Royals Rumblings - News for May 19, 2015
With the Reds coming into town, Andy McCullough explores whether pitcher Johnny Cueto could interest the Royals.
The Royals could join the pack of teams phoning Cincinnati general manager Walt Jocketty to express interest. The organization fields a farm system capable of sparking at least a discussion, rival executives say. To those executives, Cueto represents the one asset missing on the Royals’ roster: A genuine centerpiece for their rotation.
As a rule, general manager Dayton Moore dislikes public dissection of potential transactions. He does not monger rumors, and any discussion of a pursuit of Cueto, who is 3-3 with a 2.93 ERA, would be premature. But Moore indicated the Royals would search for upgrades as the summer continues.
"We’re always trying to make our team better," Moore told The Star in a telephone interview on Monday.
Craig Brown at Royals Authority looks at the stats and comes away impressed with the Royals.
The Royals run differential gives them a Pythagorean record of 24-13. Which is one game better than their actual record of 23-14. That’s unbelievable, yet not surprising. If that’s possible. (Pythagorean record is a simple formula based on runs scored and runs allowed to deliver an expected won-loss record. It’s not predictive of anything.)
More indicative of how a team has performed is the 3rd order winning percentage. This is a winning percentage adjusted for statistics and strength of schedule. Because it takes into account more than just raw runs scored and allowed, there’s a little more depth to 3rd order winning percentage. As of Monday, the Royals 3rd order winning percentage is 25-13, a .667 winning percentage. And best in the American League.
Mike Moustakas talks shifts.
Some teams still shift against Moustakas, though not every shift looks the same. Teams have infielders seemingly scattered everywhere when he comes up.
"I feel like I'm a quarterback looking over the defense when I come up," Moustakas said, smiling. "I have to have an idea what looks good and where the holes are." Last season, it didn't matter where the holes were. Moustakas somewhat stubbornly tried to slam balls through the shift. The results weren't pretty -- a career-low .212 average. Now, Moustakas tries to shoot balls through vacant spots. And he is taking walks. That is why Moustakas is hitting .319, with a healthy .378 on-base percentage.
Lee Judge writes about how hitters can take a pitch with a purpose.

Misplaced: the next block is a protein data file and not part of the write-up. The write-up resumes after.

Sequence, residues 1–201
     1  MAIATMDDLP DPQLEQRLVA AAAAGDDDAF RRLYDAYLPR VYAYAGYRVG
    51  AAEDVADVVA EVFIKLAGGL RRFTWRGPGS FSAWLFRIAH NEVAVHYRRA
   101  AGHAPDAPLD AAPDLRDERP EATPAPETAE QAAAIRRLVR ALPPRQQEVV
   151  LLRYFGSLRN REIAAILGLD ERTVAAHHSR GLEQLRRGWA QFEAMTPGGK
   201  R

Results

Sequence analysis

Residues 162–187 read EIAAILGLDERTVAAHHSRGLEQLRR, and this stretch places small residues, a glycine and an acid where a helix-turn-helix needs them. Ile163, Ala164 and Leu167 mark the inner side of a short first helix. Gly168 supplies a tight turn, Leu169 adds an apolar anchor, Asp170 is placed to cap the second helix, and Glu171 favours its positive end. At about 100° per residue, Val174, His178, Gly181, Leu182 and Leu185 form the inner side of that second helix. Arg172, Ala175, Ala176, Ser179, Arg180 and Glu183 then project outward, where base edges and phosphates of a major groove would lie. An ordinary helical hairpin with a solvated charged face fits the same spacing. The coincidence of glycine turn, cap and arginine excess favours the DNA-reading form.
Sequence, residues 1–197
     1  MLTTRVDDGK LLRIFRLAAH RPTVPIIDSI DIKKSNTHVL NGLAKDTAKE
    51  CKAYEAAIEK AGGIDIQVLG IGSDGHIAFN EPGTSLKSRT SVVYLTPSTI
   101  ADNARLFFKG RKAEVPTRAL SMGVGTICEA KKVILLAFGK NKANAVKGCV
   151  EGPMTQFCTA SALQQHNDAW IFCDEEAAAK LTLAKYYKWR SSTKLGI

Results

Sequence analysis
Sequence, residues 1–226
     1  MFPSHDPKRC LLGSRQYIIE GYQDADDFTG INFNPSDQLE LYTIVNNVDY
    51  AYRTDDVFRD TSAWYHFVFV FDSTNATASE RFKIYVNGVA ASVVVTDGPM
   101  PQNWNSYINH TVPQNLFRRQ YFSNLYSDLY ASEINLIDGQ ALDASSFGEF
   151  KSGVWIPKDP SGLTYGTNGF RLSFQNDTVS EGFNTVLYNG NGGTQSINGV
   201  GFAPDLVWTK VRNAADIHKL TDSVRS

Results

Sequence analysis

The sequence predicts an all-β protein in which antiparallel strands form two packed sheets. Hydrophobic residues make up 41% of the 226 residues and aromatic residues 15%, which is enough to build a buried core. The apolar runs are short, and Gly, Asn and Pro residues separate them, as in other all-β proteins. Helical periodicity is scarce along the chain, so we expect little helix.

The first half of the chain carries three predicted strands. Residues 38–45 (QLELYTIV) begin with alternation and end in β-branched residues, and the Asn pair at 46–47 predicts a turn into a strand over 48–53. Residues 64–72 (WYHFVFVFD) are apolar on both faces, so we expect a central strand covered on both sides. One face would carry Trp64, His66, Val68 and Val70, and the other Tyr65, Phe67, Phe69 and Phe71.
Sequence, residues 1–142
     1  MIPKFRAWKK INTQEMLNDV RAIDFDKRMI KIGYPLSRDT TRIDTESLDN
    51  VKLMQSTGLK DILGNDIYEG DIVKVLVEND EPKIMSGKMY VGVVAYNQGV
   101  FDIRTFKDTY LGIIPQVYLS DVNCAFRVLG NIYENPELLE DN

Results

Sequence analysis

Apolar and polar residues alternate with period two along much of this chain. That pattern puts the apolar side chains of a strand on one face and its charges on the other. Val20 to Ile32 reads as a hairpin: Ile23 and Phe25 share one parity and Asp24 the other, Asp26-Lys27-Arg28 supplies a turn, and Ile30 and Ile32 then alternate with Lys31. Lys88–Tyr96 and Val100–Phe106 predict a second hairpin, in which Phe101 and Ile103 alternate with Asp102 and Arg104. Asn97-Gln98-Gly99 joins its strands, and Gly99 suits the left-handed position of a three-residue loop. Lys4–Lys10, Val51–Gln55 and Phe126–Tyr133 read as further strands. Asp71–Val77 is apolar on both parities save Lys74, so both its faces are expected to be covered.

Twins catcher Kurt Suzuki told me the way a hitter takes a pitch tells you what’s in his mind. If you throw him a curve and he lurches out onto his front foot, he wants that pitch; throw it again. If a guy stays back and spits on it, be careful; he’s seeing it well and won’t chase it out of the zone.
Wade confirmed that and said he would not throw Miguel Cabrera a curveball for a strike; Cabrera keeps his head still and sees the pitch out of Wade’s hand. If it’s a ball Miggy takes it, if it’s a strike, Miggy crushes it. Crush an off-speed pitch and the hitter pulls it into the short part of the park — home run territory. I said I wouldn’t write that and Wade said go ahead; Miggy already knows.
In fact, it’s become a running joke between them: when Wade runs down to the bullpen Miguel will get his attention and make a signal with his hand up around the letters on his uniform. He’s asking: "Fastballs up again today?"
Matthew DeFranks notes the Royals dominated interleague play last year, as they embark on their series against the Reds.
Last season, when they matched up with the National League West, the Royals were the best team in baseball during interleague play, going 15-5 against NL teams. They outscored their opponents 99-56 and became just the third team in the previous eight seasons to register 15 wins against the opposing league.
John Viril at Kings of Kauffman writes that Edinson Volquez has become the Royals' ace. God help us all.
Here's the Star's gallery of photos from "Dressed to the Nines" Day on Sunday.
The Yankees admitted they made a mistake not wearing throwback uniforms on Sunday's tribute to the Negro Leagues and will make it up to the Negro League Museum.
Former Royals pitcher Bruce Chen hangs 'em up.
Today, I would like to announce my retirement. For the last 22yrs I have been doing what I love for a living. I feel blessed and fortunate— Bruce Chen (@ChenMusic) May 19, 2015
ZIPS World Series probability odds.
A year after slamming stat nerds, Brewers general manager Doug Melvin seems kinda foolish on Scooter Gennett.
The mayor of Montreal is meeting with Major League officials about what it would take to bring a team back.
Former Royals pitcher Sean O'Sullivan gets hit in the neck by a throw from his catcher.
Why the NBA has so many dumb rules and why it won't change.
San Diego proposes a football stadium to keep the Chargers in town.
Emily Farris has a 20% unfavorability rating among potential Republican Presidential primary voters. The funny thing is, she's not a candidate.
Grantland's Molly Lambert writes about the "Mad Men" series finale.
A Q&A with the man who really did come up with the Coke ad to end the series.
Popcorn used to be banned at theaters - why do we eat it at the movies now?
Is "Starship Troopers" one of the most misunderstood movies?
Your song of the day is Reverend Horton Heat with "Psychobilly Freakout."